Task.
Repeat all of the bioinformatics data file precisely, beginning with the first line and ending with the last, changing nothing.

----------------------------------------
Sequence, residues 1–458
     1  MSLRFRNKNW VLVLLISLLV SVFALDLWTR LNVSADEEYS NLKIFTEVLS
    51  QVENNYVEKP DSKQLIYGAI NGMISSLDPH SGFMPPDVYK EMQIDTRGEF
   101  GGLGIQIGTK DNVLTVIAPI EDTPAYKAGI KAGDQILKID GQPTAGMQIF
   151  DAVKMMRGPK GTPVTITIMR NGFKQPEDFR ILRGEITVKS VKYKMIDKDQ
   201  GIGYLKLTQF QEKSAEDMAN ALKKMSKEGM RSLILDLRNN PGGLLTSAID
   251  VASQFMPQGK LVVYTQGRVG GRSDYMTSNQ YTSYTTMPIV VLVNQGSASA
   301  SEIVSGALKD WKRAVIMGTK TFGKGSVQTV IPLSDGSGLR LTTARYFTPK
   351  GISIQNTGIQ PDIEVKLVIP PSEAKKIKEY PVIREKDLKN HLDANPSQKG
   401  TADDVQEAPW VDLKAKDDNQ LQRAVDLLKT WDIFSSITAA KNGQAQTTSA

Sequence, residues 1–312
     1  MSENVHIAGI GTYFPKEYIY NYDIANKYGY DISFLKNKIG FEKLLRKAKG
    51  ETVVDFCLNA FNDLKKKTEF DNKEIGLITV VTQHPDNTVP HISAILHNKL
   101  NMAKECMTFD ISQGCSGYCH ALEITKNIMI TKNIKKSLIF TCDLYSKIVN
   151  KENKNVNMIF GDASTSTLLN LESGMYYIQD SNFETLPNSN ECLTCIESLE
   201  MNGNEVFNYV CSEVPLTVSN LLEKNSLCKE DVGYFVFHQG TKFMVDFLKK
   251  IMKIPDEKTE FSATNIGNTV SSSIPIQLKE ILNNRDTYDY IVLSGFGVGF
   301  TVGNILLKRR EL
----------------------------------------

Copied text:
Sequence, residues 1–458
     1  MSLRFRNKNW VLVLLISLLV SVFALDLWTR LNVSADEEYS NLKIFTEVLS
    51  QVENNYVEKP DSKQLIYGAI NGMISSLDPH SGFMPPDVYK EMQIDTRGEF
   101  GGLGIQIGTK DNVLTVIAPI EDTPAYKAGI KAGDQILKID GQPTAGMQIF
   151  DAVKMMRGPK GTPVTITIMR NGFKQPEDFR ILRGEITVKS VKYKMIDKDQ
   201  GIGYLKLTQF QEKSAEDMAN ALKKMSKEGM RSLILDLRNN PGGLLTSAID
   251  VASQFMPQGK LVVYTQGRVG GRSDYMTSNQ YTSYTTMPIV VLVNQGSASA
   301  SEIVSGALKD WKRAVIMGTK TFGKGSVQTV IPLSDGSGLR LTTARYFTPK
   351  GISIQNTGIQ PDIEVKLVIP PSEAKKIKEY PVIREKDLKN HLDANPSQKG
   401  TADDVQEAPW VDLKAKDDNQ LQRAVDLLKT WDIFSSITAA KNGQAQTTSA

Sequence, residues 1–312
     1  MSENVHIAGI GTYFPKEYIY NYDIANKYGY DISFLKNKIG FEKLLRKAKG
    51  ETVVDFCLNA FNDLKKKTEF DNKEIGLITV VTQHPDNTVP HISAILHNKL
   101  NMAKECMTFD ISQGCSGYCH ALEITKNIMI TKNIKKSLIF TCDLYSKIVN
   151  KENKNVNMIF GDASTSTLLN LESGMYYIQD SNFETLPNSN ECLTCIESLE
   201  MNGNEVFNYV CSEVPLTVSN LLEKNSLCKE DVGYFVFHQG TKFMVDFLKK
   251  IMKIPDEKTE FSATNIGNTV SSSIPIQLKE ILNNRDTYDY IVLSGFGVGF
   301  TVGNILLKRR EL